There is one death caused by an overdose of opioids every 20 minutes. Medication-assisted treatment (MAT)—a combination of psychosocial therapy and U.S. Food and Drug Administration-approved medication—is the most effective intervention to treat opioid use disorder (OUD) and is more effective than either behavioral interventions or medication alone. The use of MAT reduces illicit opioid use significantly compared to non-drug approaches, and increased access can reduce overdose deaths. Due to inadequate funding for treatment programs and a shortage of qualified providers, MAT is often unavailable to those in need.
As the name implies, opioid use disorder is a chronic brain disease caused by the recurrent use of opioids. This includes prescription drugs such as oxycodone and hydrocodone, as well as illicit drugs such as heroin. An individual with OUD is pathologically pursuing reward and/or relief through substance use and other behaviors by malfunctioning of the brain’s reward system, motivation, memory, and related circuitry. The clinical course of OUD includes periods of exacerbation and remission, but the patient is never disease-free.
What is MAT?
In MAT, non-drug therapies, such as counseling or cognitive behavioral therapy, are combined with drugs approved by the FDA. Methadone, buprenorphine, and naltrexone are available in different formulations and dosages. Medication that relieves opioid withdrawal symptoms and/or blocks their euphoric effects works differently for each patient. OUD treatment plans are patient-specific, just as they are for other chronic diseases such as diabetes. Patients, prescribers, and other health care providers contribute to the creation of these plans. The American Society of Addiction Medicine and the National Council for Behavioral Health support this dual approach to OUD treatment. In addition, patient advocacy groups and federal agencies like the White House Office of National Drug Control Policy and the U.S. surgeon general.
OUD treatment includes psychosocial treatment, also known as behavioral health treatment. Patients receiving psychosocial treatment have better outcomes than patients who do not. Common therapeutic goals of psychosocial treatment are to:
- Modify the underlying behaviors that may lead to opioid misuse.
- Keep patients on their prescribed medications.
- Other psychiatric disorders need to be treated. Developing a patient-specific treatment plan begins with assessing a patient’s psychosocial needs. One or more of the following may be used:
- Therapy alone or with others.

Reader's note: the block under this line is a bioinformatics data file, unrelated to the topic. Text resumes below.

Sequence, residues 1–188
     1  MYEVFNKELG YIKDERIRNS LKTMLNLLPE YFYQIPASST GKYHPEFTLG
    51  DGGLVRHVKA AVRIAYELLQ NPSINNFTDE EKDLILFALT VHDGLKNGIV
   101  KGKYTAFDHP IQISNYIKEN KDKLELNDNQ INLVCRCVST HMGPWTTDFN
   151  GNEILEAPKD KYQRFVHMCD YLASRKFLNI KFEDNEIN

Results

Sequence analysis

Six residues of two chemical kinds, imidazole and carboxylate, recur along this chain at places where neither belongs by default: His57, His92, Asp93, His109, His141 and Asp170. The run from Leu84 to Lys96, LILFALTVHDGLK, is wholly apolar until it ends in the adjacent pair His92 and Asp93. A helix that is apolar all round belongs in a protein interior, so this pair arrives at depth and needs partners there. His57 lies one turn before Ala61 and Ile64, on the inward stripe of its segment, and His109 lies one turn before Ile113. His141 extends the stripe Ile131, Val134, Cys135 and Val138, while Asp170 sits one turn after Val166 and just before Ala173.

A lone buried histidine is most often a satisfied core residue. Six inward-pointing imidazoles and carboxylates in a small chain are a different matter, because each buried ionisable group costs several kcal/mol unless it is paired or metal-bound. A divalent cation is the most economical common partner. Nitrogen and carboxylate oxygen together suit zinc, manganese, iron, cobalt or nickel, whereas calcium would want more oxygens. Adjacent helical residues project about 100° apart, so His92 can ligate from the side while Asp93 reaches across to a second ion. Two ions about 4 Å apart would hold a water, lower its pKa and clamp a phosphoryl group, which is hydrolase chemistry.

- Support systems for families, including family therapy.
- Community-based referrals.
- Evidence-based intervention that rewards positive behaviors (often by exchanging vouchers for retail goods and services) with tangible rewards.
- As an ancillary service, Narcotics Anonymous 12-step facilitation therapy may also be offered.
The only FDA-approved medications for OUD are methadone, buprenorphine, and naltrexone. Methadone must be administered daily in a certified opioid treatment program (OTP) under federal regulations. Buprenorphine can be prescribed on a weekly or monthly basis for at-home use under federal law, but clinicians must apply for waivers to do so. Naltrexone, on the other hand, can be prescribed by any clinician. Each of these options works differently. Selection of therapy is guided by drug effects and patient-specific factors, such as response to past treatments.
Mechanisms of action
Drugs or substances bind to receptors on human cells to either cause or block an effect. As opioid agonists, methadone and buprenorphine activate or occupy the mu-opioid receptor, the same one activated by heroin.
Methadone is a full agonist. Methadone blocks the euphoric effects of other opioid drugs by occupying the mu-opioid receptor. Methadone is more lasting than heroin or other misused opioid agonists, usually 24 to 36 hours, preventing drug-seeking behavior from peaking and valleying. The optimal length of methadone treatment has not been determined; however, 12 months is considered a minimum.
Buprenorphine is a partial agonist, meaning it does not completely bind to the mu-opioid receptor. As a result, buprenorphine has a ceiling effect, meaning that its effects plateau and don’t increase with repeated doses. Unlike other opioids, buprenorphine does not produce euphoria or have dangerous side effects. Buprenorphine treatment is patient-specific, and the optimal duration is unknown. In most cases, tapering the buprenorphine dose safely takes many months after the decision has been made.
Naltrexone is an opioid antagonist, meaning it covers, rather than activates, the mu-opioid receptor, effectively blocking opioid effects. Opioid antagonists do not produce euphoric effects, so there is no physical dependence. Opioid antagonists are recommended for relapse prevention and abstinence-based treatment, not withdrawal management.